A Lake District walk starting from Patterdale that includes Place Fell, Howtown, and Beda Fell in a circuit of Boredale. The scenic content of this route is excellent with Ullswater providing a contrast to the rugged fells all around you.
A linear Lake District walk that follows the shore of Derwentwater south from Keswick to Lodore landing stage. The return to Keswick uses the seasonal launces on Derwentwater.
This challenging Lake District walk includes Scafell and Scafell Pike in a single circuit using the long approach from the Esk Valley. There are some sections of the route that require care and experience in map reading is essential.
This Langdale walk includes two of the well know Langdale Pikes - Harrison Stickle and Pike o'Stickle - and continues to visit the less walked Rosset Pike so you can avoid the crowds.
A Lake District walk to a summit often only visited in passing. The route starts in Eskdale and takes a direct approach to the top.
Harter Fell occupies a relatively isolated position overlooking the Eskdale valley and this Lake District walk offers some wonderful views towards Scafell and Scafell Pike. The route also includes a visit to pretty Low Birker Tarn, which sees relatively few visitors.
An energetic Lake District Horseshoe walk that takes in four summits as you keep to the high ground surrounding Gillercomb. The walk could also be extended to take in Great Gable if time and energy permit!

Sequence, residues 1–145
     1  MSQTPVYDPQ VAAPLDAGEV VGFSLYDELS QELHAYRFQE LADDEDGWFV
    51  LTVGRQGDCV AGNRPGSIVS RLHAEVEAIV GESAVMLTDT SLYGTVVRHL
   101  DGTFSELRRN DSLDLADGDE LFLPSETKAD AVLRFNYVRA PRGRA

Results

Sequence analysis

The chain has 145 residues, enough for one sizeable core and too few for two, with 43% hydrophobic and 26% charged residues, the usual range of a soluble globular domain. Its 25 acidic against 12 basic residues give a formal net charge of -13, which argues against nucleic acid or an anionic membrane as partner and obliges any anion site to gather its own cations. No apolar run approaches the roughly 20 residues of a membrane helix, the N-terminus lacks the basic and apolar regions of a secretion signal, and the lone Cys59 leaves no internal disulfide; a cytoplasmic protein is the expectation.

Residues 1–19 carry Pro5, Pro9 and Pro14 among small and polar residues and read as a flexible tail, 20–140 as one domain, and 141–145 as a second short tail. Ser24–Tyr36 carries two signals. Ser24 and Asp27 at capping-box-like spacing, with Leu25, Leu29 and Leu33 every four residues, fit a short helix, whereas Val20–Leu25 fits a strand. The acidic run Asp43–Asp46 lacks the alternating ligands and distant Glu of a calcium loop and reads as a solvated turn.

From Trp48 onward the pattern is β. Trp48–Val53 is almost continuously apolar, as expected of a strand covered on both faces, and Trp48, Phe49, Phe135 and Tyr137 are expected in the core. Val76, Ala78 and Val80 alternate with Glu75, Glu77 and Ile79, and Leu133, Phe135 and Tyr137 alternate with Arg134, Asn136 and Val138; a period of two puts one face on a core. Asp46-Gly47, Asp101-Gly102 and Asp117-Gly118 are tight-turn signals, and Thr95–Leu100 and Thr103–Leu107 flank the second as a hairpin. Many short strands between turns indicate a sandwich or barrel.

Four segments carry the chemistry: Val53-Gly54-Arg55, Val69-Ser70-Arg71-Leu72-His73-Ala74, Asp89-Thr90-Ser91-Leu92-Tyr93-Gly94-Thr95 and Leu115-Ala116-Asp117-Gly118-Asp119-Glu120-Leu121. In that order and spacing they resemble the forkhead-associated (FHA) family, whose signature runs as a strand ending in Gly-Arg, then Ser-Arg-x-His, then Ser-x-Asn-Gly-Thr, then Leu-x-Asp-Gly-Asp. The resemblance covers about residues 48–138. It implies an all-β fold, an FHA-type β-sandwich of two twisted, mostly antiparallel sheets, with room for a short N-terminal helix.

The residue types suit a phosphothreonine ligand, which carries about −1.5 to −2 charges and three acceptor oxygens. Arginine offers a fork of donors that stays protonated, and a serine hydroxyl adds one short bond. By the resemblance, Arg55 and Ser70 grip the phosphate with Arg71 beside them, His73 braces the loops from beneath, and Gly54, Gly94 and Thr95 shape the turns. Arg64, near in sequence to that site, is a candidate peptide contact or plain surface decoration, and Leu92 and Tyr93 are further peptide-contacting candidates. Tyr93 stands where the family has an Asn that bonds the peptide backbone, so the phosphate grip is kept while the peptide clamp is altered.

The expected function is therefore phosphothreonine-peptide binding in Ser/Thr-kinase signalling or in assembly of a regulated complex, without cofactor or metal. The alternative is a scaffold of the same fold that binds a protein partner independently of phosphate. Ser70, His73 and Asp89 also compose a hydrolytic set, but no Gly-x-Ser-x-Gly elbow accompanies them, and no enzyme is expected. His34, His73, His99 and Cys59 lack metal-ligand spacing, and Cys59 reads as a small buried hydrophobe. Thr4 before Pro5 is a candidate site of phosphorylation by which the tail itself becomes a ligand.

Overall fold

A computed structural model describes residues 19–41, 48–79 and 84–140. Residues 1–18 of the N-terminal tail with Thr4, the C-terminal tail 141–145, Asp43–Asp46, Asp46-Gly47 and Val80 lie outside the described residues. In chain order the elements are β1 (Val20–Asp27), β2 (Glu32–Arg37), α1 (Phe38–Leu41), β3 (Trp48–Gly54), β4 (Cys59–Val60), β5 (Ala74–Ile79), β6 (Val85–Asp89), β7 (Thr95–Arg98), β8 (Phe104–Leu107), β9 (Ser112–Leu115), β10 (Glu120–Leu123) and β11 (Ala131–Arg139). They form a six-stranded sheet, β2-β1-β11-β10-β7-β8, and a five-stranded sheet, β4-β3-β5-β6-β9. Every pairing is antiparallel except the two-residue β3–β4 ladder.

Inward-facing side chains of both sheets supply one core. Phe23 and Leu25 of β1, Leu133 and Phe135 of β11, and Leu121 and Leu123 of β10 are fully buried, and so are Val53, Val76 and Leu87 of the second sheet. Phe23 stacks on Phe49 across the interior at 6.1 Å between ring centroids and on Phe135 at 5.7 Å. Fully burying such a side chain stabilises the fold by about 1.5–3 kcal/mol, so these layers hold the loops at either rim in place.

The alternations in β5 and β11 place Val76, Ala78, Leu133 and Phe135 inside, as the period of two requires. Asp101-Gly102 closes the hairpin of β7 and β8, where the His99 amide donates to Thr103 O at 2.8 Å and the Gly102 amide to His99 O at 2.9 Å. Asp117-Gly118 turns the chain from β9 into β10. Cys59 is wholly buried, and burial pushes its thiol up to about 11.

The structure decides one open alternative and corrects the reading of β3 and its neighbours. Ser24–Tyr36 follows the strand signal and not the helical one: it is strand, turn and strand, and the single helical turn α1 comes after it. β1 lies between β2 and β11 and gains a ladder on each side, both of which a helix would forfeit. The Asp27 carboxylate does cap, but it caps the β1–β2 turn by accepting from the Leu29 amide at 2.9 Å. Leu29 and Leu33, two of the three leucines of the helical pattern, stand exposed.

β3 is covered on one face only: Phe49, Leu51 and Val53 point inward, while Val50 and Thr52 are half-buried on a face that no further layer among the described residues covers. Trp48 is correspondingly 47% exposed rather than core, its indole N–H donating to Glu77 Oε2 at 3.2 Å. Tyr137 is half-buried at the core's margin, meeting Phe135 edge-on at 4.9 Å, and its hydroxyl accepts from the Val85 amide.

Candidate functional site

This variation of the Fairfield Horseshoe starts from High Close on the western edge of Loughrigg Fell. The route follows a clockwise direction offering a different perspective to the normal horseshoe route.
This Lake District walk includes an unpathed section of route and is for experienced walkers only and navigation skills are essential. The walk includes Great End approached from the Corridor Route before following easier ground to the summit of Glaramara. The descent from the latter summit requires careful navigation for a trouble-free descent back down to Seathwaite.
This Lake District walk is strenuous including seven summits in what can be a tiring day. Good navigational skills are essential when visibility is poor. The rewards for the hard work are numerous and you will enjoy many wonderful lakeland panaoramas completing the walk.
The Howgill Fells offer excellent walking with few other people sharing the landscape. This walk follows Bowderdale deep into the area before climbing steadily to the highest point in this group of fells. The return route offers grandstand views as you follow a lofty ridge back to the start.
A short Lake District ridge walk that includes two Wainwrights. Surrounded by higher fells, the ridge between Ard Crags and Knott Rigg offers some wonderful Lakeland scenery.
The Fairfield horseshoe includes seven other Lake District fells. Low Pike, High Pike, Dove Crag and Hart Crag form the outward route with the return over Great Rigg, Heron Pike and Nab Scar back to Ambleside via Rydal. This is a high level route so choose a good day to make the most of the views.
Crinkle Crags summits lie facing the summits of Langdale Fell separated by Mickleden Beck River valley.
A hike to four summits discovering a wide range of this part of the Nation Park Lake District. The Park Lake District trails aren't waymarked. There are very few signs but the pathway is straightforward as there aren't many crossings. It is, however, preferable not to leave the trail, especially in foggy weather.
To the west of the Cumbrian Mountains, both Great and Green Gable summits offer a pleasant hike.